A weekly historical column by Ben Miller, author of the best-selling “The First Resort”
When most people think of Cape May, they think of beaches, restaurants, shops and local sights. Few visitors give a second thought to the local fishing industry, assuming it’s probably small or locally-oriented, fitting the small town feel of Cape May.
In fact, the Cape May port is the third-largest on the entire eastern coast of the United States in terms of total catch, and the fourth most valuable fishing port in America, with annual grosses around $74 million.
The Cape has been a fishing mecca since the 1700s. Early Dutch settlers tried to establish a whaling port even earlier but were wholly unsuccessful. Later colonists continued to pursue whale, and though they were equally luckless their early docks on Schellenger’s Landing were the foundation for today’s Fishermen’s Wharf.
These days, commercial fishermen trawl the area just off Cape May in the Atlantic and the Delaware Bay, catching a variety of fish and shellfish. Each year they bring in 50 to 75 million pounds of mackerel, fluke, flounder, sea bass, lobster and sea scallops – the latter are the lifeblood of the industry.
Years ago mackerel was the big catch in Cape May. An article in the Boston Commercial Gazette on May 23, 1825 remarked, “Our correspondent at Cape Island, writes to us under date of May 16th, that there was about one hundred and thirty sail of vessels then lying at anchor on Cape May Roads, most of them vessels fitted out in ports to the north of Boston, for Mackerel fishing. Each will carry from 200 to 250 barrels, and having mostly made up their loads, they are only waiting for a fair wind to sail to New York.”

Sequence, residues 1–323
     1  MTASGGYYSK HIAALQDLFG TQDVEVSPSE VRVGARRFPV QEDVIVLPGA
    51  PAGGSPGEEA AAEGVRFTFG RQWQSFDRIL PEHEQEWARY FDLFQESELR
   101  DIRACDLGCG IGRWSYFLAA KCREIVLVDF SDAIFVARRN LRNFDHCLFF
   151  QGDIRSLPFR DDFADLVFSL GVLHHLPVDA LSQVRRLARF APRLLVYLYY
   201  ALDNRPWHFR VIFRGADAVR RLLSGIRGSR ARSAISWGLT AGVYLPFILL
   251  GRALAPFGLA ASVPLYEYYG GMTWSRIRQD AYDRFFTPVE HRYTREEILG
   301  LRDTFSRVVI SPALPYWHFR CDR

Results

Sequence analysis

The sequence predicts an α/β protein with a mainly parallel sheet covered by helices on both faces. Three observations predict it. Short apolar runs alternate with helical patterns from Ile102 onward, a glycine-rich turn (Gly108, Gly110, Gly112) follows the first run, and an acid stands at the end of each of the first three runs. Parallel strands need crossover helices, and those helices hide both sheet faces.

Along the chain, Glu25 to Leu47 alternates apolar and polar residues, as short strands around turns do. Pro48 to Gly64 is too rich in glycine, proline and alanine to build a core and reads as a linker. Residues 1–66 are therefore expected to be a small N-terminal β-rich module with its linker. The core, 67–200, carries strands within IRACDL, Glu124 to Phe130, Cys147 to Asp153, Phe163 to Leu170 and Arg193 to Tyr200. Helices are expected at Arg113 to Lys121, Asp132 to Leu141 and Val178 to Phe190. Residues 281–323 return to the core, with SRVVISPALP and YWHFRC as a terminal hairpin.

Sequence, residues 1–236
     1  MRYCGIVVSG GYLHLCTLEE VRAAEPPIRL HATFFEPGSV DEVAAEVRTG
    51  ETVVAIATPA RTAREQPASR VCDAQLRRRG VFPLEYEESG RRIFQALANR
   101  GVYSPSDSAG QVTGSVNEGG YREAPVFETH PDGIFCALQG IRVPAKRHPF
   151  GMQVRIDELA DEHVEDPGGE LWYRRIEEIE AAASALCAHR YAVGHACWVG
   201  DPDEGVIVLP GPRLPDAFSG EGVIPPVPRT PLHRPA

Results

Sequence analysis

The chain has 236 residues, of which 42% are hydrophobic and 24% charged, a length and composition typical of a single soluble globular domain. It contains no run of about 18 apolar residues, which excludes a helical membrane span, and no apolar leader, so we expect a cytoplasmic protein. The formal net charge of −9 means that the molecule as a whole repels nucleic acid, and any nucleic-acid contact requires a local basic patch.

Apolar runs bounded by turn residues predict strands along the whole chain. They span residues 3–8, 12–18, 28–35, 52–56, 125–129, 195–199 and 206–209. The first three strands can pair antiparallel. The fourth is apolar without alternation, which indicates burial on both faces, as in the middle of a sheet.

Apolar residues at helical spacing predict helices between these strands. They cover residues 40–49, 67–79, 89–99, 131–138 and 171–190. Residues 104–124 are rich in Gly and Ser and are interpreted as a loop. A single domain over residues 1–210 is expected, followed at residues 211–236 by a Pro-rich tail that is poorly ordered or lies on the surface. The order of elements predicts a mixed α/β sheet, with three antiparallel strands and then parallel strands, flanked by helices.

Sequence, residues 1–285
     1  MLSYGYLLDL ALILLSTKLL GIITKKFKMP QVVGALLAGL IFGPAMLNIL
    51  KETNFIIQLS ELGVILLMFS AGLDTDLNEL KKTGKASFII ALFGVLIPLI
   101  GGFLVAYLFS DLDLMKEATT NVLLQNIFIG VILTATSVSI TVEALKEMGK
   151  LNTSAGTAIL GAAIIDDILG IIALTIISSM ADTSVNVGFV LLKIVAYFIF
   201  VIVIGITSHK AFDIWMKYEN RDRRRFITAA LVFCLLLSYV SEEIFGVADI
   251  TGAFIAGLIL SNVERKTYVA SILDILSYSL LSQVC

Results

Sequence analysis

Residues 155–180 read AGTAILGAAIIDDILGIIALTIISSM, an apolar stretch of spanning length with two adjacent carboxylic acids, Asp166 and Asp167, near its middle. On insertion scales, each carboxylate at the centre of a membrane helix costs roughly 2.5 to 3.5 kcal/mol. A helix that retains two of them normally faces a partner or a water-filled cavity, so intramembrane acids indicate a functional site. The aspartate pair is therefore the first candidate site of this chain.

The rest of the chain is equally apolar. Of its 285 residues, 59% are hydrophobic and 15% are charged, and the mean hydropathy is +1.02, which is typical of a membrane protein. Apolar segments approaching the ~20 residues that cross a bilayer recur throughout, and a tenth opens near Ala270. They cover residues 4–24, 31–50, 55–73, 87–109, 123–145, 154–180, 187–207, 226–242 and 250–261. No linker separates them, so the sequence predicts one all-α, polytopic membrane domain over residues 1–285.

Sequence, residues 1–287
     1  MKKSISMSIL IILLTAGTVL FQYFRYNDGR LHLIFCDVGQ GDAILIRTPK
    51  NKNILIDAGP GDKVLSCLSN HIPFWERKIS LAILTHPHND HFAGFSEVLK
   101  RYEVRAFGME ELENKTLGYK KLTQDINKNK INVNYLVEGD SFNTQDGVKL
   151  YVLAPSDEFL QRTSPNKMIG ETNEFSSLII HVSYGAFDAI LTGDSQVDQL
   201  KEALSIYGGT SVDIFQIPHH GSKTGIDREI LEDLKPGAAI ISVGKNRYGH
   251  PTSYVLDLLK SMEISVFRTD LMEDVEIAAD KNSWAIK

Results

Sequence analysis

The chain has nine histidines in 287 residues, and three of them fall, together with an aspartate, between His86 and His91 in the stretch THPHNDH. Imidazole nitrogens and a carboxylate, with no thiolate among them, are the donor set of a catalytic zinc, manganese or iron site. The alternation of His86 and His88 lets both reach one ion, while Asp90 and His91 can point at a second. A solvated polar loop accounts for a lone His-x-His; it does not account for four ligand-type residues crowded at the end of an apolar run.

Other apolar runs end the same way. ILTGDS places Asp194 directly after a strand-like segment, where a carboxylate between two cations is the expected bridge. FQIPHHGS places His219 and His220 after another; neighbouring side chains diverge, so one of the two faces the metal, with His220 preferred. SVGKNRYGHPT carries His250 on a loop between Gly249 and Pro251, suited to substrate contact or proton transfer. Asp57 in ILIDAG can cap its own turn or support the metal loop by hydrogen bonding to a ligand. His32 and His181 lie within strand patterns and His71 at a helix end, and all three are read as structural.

That same article goes on to say, “The situation of Cape Island is such as to render it a suitable place for carrying on the Mackerel fishery extensively; and if any of the capitalists of Philadelphia choose to engage in business, they can procure hood hands in abundance in the immediate vicinity of the fishing ground.”
Today’s sport fishermen and party boats report catches of Atlantic croakers, black drum, blackfish, bluefish, clams, cod, crab, flounder, fluke, kingfish, lobster, mackerel, mahi mahi, marlin, menhaden, mullet, pollock, porgies, salt oysters, sea bass, sea scallops, shark, speckled trout, squid, striped bass, swordfish, tuna and weakfish.
Traditionally piers offered the best fishing in Cape May and were situated at Convention Hall, the foot of Decatur Street, Sunset Beach and other points around the island. Unfortunately none of these piers have survived the frequent storm surges that have hit the coast over the years.
The Cape’s location where the Delaware and Atlantic converge can create powerful currents and unpredictable weather. Even the abandoned WWII bunker is no longer available for fishing, after many years of anglers being able to climb a staircase to the top and position their rods over the edge. While currents and catches may change over time, the Cape May fishing industry remains an important fixture of our local culture and economy.
Both the ‘Ralph J’ and the ‘Captain Johnson’ fishing boats were built by Captain Ralph Johnson’s father, Thomas. Don Pocher